Project Pericles Fund of Swarthmore College
Eugene M. Lang ’38 and the Board of Managers of Swarthmore College created the Swarthmore Project Pericles Fund (PPF) in 2005. The Fund supports groups of Swarthmore students who propose and implement social and civic action projects whose scope and sustainability will advance solutions for the issues in question and also promote recognition of students' motivation and capability to address such major issues effectively. Any team of two or more currently enrolled students may apply for grants of up to $25,000 to fund projects that are visionary in scope and groundbreaking in practice. Projects may have a regional, national, or international focus. Students whose formal proposals are accepted and receive Project Pericles Fund grants are designated Periclean Scholars.
Note: This project grant is not in service of Swarthmore College and does not create an employment relationship between the student(s) and the College.
Connecting Campus, Curriculum, & Communities
Based upon the Lang Center's commitment to engaged scholarship and ethical intelligence, students who are interested in applying for a grant from the Project Pericles Fund must have taken coursework that is directly relevant to understanding their issue area, unpacking the social problem, and/or designing project elements. In some cases, the project could be developed in the context of the class with the faculty member instructing the course serving as an adviser to the students as the project proposal emerges and comes to fruition. Alternately, another faculty member—preferably one whose scholarship and expertise is germane to the project at hand—can serve as a project advisor. Students who are named Periclean Scholars and receive grant funding need group members to commit to taking relevant courses throughout the lifetime of the grant.
Applying for the Project Pericles Fund
Step 1: Project Concept Document (Due by October 15)
Teams of students who are interested in applying for Pericles funding should submit a project concept document following these guidelines:
- PROJECT TITLE
- ABSTRACT: A successful abstract will tell us what the issue or problem is, and note where it occurs (1 sentence); it tells us about the specific constituencies who are directly impacted by this issue or problem (1 sentence); it will describe how the project addresses the problem or issue described above (1 sentence); and it will tell us what your solution is, what change(s) or outcome(s) you anticipate seeing as a result of your project (and for whom) (1 -2 sentences). (5 sentences total).
- VISION & SCOPE: The vision and scope of a project to foster systems/structure change or otherwise create social impact.
- TEAM: Introduce members of the student team (names, major/minor, class years, student ID numbers) and the capacity of the students to enact a project, as evidenced by related experience and study. Refer to non-student team members, if known and applicable.
- DESIGN: Processes and methods by which the project could be implemented.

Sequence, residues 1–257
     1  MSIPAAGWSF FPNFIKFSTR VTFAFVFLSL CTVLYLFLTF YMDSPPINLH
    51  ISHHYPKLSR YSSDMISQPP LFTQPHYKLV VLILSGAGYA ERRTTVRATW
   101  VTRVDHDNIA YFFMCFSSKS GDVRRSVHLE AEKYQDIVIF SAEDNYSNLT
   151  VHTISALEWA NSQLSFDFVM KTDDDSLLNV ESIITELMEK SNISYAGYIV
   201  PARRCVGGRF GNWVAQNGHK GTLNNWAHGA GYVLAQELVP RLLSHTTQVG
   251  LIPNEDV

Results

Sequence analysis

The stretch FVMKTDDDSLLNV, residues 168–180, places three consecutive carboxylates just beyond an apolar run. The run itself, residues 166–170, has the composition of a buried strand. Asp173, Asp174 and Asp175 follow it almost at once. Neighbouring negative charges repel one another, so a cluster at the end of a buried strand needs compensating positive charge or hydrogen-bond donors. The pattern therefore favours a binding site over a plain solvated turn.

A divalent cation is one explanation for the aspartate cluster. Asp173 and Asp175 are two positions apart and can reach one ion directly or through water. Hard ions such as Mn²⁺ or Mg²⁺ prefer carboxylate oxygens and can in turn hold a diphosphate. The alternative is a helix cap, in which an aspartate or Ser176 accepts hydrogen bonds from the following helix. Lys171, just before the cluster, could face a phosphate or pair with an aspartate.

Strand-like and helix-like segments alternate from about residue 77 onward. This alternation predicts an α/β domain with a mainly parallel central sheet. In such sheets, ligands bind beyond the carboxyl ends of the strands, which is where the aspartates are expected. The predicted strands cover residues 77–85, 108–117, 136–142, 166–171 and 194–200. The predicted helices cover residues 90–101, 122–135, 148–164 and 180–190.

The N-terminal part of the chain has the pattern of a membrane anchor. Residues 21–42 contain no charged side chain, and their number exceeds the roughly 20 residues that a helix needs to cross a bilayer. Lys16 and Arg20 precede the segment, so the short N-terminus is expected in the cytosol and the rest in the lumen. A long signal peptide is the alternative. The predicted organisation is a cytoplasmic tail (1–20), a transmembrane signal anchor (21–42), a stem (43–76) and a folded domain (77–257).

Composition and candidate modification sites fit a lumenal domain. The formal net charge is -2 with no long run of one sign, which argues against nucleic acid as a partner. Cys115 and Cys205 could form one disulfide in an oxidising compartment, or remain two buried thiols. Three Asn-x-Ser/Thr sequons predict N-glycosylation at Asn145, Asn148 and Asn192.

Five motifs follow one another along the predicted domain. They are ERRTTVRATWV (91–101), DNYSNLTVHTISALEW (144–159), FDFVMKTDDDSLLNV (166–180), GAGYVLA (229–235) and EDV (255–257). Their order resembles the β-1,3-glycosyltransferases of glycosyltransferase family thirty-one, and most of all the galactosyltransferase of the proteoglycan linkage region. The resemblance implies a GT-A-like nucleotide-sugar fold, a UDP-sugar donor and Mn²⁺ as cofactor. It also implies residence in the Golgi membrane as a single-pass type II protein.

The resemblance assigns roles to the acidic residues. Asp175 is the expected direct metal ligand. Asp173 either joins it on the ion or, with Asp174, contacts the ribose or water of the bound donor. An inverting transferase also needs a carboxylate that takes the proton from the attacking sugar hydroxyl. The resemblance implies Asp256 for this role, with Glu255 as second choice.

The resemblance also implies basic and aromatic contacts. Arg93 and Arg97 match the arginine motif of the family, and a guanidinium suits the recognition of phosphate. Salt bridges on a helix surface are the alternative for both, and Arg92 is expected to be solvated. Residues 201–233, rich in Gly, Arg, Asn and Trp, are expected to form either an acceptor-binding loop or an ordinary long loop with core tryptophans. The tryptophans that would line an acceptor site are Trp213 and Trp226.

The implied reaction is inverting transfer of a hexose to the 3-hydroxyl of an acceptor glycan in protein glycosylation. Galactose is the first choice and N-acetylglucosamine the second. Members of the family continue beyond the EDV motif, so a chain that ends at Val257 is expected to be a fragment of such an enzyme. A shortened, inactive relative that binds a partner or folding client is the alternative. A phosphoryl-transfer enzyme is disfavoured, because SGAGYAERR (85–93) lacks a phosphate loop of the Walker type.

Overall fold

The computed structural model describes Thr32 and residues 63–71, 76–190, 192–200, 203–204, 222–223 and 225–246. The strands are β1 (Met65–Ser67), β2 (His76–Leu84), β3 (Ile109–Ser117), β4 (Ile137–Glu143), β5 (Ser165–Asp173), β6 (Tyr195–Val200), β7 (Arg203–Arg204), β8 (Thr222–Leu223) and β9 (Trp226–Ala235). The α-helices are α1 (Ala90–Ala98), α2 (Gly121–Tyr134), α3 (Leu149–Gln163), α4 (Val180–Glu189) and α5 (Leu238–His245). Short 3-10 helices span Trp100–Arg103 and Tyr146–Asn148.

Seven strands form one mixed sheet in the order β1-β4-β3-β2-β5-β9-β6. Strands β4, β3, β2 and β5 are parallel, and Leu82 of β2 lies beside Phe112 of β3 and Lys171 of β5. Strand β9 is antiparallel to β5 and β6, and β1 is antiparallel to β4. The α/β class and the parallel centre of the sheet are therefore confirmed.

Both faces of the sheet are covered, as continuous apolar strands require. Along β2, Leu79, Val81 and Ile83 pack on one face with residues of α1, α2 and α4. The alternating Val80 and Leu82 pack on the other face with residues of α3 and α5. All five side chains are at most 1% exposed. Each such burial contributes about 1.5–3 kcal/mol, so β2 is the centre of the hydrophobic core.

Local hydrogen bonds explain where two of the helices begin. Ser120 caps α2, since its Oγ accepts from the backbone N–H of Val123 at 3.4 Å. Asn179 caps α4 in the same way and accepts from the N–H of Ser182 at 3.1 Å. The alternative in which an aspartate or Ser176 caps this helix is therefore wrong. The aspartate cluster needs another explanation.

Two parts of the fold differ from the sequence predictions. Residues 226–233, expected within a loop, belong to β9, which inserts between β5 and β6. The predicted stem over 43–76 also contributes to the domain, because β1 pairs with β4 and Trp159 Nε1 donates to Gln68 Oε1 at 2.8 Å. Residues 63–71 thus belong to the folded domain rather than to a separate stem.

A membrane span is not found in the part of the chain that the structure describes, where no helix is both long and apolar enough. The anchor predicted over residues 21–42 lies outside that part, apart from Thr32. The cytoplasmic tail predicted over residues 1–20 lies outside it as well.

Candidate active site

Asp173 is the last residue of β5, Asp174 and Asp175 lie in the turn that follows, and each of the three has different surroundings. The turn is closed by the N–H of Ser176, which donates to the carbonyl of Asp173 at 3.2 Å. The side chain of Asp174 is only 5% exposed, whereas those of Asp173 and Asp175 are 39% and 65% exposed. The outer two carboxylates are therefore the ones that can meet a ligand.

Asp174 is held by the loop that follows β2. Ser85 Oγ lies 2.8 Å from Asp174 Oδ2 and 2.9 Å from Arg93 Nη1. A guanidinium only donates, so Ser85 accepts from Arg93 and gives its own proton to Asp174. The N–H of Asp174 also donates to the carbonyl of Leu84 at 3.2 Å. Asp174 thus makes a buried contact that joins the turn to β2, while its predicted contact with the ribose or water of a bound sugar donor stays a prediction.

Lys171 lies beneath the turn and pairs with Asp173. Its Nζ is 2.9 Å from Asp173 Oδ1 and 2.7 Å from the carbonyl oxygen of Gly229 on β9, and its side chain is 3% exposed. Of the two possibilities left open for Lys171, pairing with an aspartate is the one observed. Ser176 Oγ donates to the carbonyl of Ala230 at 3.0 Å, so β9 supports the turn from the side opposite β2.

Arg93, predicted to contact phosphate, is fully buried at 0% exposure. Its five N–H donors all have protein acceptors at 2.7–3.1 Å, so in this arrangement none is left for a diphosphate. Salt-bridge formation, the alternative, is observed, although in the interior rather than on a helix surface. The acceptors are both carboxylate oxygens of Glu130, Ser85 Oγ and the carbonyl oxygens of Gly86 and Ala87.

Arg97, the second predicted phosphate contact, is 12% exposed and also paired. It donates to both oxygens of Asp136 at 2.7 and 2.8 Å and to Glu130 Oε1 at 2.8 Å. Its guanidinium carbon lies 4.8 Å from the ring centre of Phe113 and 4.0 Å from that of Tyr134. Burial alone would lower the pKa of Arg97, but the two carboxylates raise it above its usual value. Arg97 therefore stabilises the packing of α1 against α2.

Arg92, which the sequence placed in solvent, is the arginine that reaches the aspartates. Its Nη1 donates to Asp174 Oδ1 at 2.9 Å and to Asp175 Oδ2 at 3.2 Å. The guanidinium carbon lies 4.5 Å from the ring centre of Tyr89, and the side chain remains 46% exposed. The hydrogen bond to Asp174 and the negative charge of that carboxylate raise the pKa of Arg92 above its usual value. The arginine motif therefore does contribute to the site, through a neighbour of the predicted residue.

- STAKEHOLDERS: Who are the stakeholders and how will they be engaged in the project design, implementation, and/or evaluation of the project? Provide evidence of stakeholder support.
- DEMAND: Is there demand for a project like this? How do you know?
- FEASIBILITY: Feasibility of the project design, if known.
- SOCIAL IMPACT: Anticipated impact of the project in terms of measurable outcomes in the near and long term.
Step 2: Concept Pitch (Scheduled by October 31)
Teams who submitted a project concept document may be invited to "pitch" their project (in person or virtual). The pitch is a 3- to 5-minute opportunity to convey essential things about your project idea or “concept.” Pitches should conclude with an “ask” of the audience—for seed funding; for advice, participation, or other support; for permission to submit an application for full funding, etc. The audience for your pitch could include members of the Lang Center advisory board, faculty, staff, community members, and so on. After the pitch, anticipate questions. Once the team departs, those assembled at the pitch will decide together whether to respond favorably to the “ask.”
Student groups who engage in the concept pitch may receive seed funding for further research, and ultimately find that their project idea is not feasible. In that case, teams are under no obligation to enact a full-scale project. If seed funding is unused, however, it should be repaid to the College.
Student groups who receive permission to submit an application for full funding (up to $25,000 over multiple years) should do so no later than December 31. The selection committee will evaluate the application, and if need be, interview and deliberate between January and February. Groups will be alerted of their application status by March 1, if not sooner.
Step 3: Submit an Application (no later than December 31)
PPF Grantee (2021-2024)
C4: Chester Road Collaborative
Chester Road Collaborative (CRC) seeks to facilitate environmental justice and more with the help of our partners, Chester Residents Concerned for Quality Living (CRCQL). Please contact Major Eason '23 (email@example.com) or Kayla Miller '24 (firstname.lastname@example.org) if you would like to join.